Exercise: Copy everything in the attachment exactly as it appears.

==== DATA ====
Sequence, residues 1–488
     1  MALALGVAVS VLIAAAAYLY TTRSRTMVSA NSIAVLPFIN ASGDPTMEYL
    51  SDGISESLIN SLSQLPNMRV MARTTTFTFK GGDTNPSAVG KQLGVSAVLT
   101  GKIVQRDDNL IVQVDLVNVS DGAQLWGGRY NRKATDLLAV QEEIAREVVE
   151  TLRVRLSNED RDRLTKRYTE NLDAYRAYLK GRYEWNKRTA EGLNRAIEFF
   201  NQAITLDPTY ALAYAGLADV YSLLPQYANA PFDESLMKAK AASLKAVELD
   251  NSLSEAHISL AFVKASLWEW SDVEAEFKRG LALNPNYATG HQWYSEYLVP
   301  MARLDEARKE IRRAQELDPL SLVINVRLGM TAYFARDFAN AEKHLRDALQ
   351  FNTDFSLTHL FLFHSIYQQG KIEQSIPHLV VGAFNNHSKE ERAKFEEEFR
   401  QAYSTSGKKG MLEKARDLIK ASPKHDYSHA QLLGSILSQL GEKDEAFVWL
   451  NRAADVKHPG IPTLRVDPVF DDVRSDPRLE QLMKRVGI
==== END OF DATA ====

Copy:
Sequence, residues 1–488
     1  MALALGVAVS VLIAAAAYLY TTRSRTMVSA NSIAVLPFIN ASGDPTMEYL
    51  SDGISESLIN SLSQLPNMRV MARTTTFTFK GGDTNPSAVG KQLGVSAVLT
   101  GKIVQRDDNL IVQVDLVNVS DGAQLWGGRY NRKATDLLAV QEEIAREVVE
   151  TLRVRLSNED RDRLTKRYTE NLDAYRAYLK GRYEWNKRTA EGLNRAIEFF
   201  NQAITLDPTY ALAYAGLADV YSLLPQYANA PFDESLMKAK AASLKAVELD
   251  NSLSEAHISL AFVKASLWEW SDVEAEFKRG LALNPNYATG HQWYSEYLVP
   301  MARLDEARKE IRRAQELDPL SLVINVRLGM TAYFARDFAN AEKHLRDALQ
   351  FNTDFSLTHL FLFHSIYQQG KIEQSIPHLV VGAFNNHSKE ERAKFEEEFR
   401  QAYSTSGKKG MLEKARDLIK ASPKHDYSHA QLLGSILSQL GEKDEAFVWL
   451  NRAADVKHPG IPTLRVDPVF DDVRSDPRLE QLMKRVGI